thumbnail

Figure 3. Absolute number of pertussis cases (incidence) for a population 150.000 persons after implementation of booster vaccination at the age of 4 years (t = 0) assuming natural immunity wanes after 15 years.

The situation with adolescent vaccination at t = 10 and the current situation without adolescent vaccination are represented by the red and blue lines, respectively. I1 = primary infection, I2 = recidive infection, I3 = asymptomatic infection and Total = I1+I2+I3. Note the different scales of the y-axis for each infection type.

doi:10.1371/journal.pone.0013392.g003
thumbnail

Table 5. Mean differences* in absolute incidence numbers between the current situation and the situation with adolescent pertussis booster vaccination over a 25 year period for a population of 150,000 people (percentage reductions between brackets).

doi:10.1371/journal.pone.0013392.t005

The mean age-specific outcomes as a result of the implementation of an adolescent pertussis vaccination program are shown in Table 6, in terms of costs and health gains. The indirect costs due to productivity losses comprise by far the largest part of the costs associated with pertussis diseases. Specifically, the indirect costs show an increase in the older age groups (i.e. age ≥20 years) as a result of the adolescent pertussis vaccination. Furthermore, the vaccination costs over a 15-year period are estimated at €540.000. Consequently, the incremental cost-effectiveness of adolescent pertussis vaccination is estimated at €4418/QALY (range: 3205–6364 € per QALY) and €6371/QALY (range: 4139–9549 € per QALY) for the scenario with 8 and 15 years protection after natural infection, respectively.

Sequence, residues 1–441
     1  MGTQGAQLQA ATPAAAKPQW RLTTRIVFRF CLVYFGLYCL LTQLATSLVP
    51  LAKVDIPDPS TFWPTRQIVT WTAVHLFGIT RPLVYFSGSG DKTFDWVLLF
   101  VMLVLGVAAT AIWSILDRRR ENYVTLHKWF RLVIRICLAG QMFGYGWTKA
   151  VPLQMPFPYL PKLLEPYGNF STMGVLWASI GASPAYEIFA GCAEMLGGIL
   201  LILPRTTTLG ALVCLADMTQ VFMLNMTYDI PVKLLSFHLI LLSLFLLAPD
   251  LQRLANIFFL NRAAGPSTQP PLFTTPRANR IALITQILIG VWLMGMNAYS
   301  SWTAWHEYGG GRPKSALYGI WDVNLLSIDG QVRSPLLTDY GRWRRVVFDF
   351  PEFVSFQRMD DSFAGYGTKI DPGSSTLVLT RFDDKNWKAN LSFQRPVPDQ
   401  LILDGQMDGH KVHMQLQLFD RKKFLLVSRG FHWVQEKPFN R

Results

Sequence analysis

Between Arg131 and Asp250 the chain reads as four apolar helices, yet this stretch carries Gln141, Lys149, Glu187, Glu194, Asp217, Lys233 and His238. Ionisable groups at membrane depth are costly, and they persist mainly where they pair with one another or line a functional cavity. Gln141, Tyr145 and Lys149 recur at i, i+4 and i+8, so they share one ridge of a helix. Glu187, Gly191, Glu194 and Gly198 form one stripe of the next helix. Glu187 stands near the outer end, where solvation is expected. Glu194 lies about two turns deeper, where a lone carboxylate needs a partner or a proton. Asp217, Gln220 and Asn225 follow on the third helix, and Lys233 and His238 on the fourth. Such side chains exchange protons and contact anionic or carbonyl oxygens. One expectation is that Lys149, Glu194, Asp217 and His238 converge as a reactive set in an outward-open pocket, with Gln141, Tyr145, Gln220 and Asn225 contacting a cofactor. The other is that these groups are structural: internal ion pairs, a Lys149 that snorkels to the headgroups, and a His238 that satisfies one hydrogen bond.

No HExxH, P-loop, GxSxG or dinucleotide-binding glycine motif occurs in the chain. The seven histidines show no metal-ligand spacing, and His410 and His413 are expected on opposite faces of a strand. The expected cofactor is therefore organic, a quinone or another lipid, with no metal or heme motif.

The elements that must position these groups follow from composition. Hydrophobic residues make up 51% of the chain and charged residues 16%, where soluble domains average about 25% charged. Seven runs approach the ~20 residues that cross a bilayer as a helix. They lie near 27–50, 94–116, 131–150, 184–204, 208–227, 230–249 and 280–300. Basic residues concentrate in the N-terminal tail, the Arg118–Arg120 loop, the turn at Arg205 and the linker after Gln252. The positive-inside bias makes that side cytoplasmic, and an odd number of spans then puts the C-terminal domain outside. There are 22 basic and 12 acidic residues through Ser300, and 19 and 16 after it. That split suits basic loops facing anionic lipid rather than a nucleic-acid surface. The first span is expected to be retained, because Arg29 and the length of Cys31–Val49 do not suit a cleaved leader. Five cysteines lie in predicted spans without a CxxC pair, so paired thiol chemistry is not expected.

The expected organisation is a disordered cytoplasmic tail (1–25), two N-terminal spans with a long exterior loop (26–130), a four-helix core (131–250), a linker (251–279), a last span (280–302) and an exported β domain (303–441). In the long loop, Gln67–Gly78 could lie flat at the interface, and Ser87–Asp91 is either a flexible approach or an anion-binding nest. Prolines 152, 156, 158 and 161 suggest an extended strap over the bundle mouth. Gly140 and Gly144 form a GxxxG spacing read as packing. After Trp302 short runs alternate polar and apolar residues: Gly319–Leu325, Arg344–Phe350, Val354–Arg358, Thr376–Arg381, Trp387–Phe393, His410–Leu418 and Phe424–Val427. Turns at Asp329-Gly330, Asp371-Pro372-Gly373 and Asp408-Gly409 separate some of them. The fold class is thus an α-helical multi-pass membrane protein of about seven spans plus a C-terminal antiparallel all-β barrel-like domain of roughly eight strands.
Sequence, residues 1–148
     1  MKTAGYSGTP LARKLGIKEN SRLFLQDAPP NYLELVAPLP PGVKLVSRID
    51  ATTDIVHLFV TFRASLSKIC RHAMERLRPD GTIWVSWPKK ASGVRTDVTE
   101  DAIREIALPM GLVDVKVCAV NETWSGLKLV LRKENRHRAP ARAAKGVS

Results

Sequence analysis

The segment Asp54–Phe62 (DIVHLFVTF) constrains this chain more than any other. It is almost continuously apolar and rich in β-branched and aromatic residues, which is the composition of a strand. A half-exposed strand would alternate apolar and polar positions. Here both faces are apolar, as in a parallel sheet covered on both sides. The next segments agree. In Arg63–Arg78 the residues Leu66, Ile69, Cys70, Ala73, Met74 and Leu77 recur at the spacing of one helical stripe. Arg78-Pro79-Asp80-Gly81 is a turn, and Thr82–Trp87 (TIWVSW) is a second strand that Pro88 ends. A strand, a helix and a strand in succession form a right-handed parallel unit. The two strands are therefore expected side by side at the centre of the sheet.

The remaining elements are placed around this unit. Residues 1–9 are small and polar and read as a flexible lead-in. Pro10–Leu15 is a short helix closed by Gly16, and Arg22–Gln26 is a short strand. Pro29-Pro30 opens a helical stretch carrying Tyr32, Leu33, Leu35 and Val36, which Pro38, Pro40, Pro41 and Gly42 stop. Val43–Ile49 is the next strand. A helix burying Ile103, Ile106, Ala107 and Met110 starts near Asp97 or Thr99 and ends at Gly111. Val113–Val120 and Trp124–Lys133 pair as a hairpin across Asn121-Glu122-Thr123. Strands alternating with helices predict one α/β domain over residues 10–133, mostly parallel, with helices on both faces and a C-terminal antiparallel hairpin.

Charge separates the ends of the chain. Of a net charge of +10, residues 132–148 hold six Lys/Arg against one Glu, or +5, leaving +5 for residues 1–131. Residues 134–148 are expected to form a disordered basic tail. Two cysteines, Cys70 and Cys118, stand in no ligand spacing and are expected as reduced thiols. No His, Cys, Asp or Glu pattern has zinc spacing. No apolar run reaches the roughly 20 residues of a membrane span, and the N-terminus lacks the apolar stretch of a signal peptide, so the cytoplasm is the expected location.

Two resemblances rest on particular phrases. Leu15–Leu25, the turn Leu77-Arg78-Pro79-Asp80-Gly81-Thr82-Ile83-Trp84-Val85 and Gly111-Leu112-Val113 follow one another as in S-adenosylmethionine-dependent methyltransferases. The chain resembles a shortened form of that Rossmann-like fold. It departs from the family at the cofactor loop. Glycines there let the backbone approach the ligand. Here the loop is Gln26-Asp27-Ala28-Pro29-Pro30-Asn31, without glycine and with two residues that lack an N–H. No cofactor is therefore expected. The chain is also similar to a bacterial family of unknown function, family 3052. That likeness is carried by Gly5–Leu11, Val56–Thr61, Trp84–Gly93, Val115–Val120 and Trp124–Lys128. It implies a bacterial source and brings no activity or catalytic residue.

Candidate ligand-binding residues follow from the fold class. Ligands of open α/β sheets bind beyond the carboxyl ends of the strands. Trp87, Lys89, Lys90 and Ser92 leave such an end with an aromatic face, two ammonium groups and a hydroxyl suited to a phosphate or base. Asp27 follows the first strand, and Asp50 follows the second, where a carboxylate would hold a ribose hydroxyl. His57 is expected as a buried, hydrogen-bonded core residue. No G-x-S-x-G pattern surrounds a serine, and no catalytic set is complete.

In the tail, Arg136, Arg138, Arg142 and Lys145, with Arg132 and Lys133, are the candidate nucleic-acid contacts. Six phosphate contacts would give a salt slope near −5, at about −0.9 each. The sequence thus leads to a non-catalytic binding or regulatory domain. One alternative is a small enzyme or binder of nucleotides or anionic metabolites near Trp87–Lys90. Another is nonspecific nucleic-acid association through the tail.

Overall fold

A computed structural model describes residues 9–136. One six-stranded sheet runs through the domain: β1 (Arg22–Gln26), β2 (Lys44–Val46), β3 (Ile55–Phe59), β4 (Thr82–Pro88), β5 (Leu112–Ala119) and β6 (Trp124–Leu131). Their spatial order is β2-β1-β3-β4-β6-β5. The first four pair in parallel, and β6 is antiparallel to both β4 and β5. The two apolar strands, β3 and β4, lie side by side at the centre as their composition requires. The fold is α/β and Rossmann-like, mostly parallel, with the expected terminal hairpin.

thumbnail

Table 6. Mean age-specific outcomes* in terms of costs and QALYs. Absolute differences between current situation and the situation with adolescent pertussis booster vaccination over the 25 year period for a population of 150,000 people.

doi:10.1371/journal.pone.0013392.t006

Finally, table 7 presents the results of the univariate sensitivity analysis. Except a 10% increase in quality weights, changes adopted in the cost- en health-related parameters had limited effect on the cost-effectiveness.

thumbnail

Table 7. Outcomes of the univariate sensitivity analysis.

doi:10.1371/journal.pone.0013392.t007

Discussion

In this paper we present the first dynamic individual-based approach to model pertussis transmission in the population. Furthermore, we applied this model to estimate the cost-effectiveness of a universal adolescent booster vaccination program for the Dutch situation. Until now, almost all cost-effectiveness analyses of pertussis vaccination programs previously performed use standard decision analytic models to assess the effects of vaccination [40], [46], [49][62]. However, as pertussis is a transmissible infectious disease, a dynamic model is required to fully take into account the spread of the disease over time in the population [20], [63]. Although van Boven et al [23], [64] and Hethcote [65][69] used a dynamic approach to model pertussis transmission, these models were not used for economic analyses. So far, only Edmunds et al [70] designed a dynamic model to estimate the cost-effectiveness of pertussis booster vaccination in England and Wales. Our model differs from the dynamic models designed by van Boven, Hethcote and Edmunds in that those models are deterministic and population-based whereas ours is stochastic and individual-based [23], [64][70].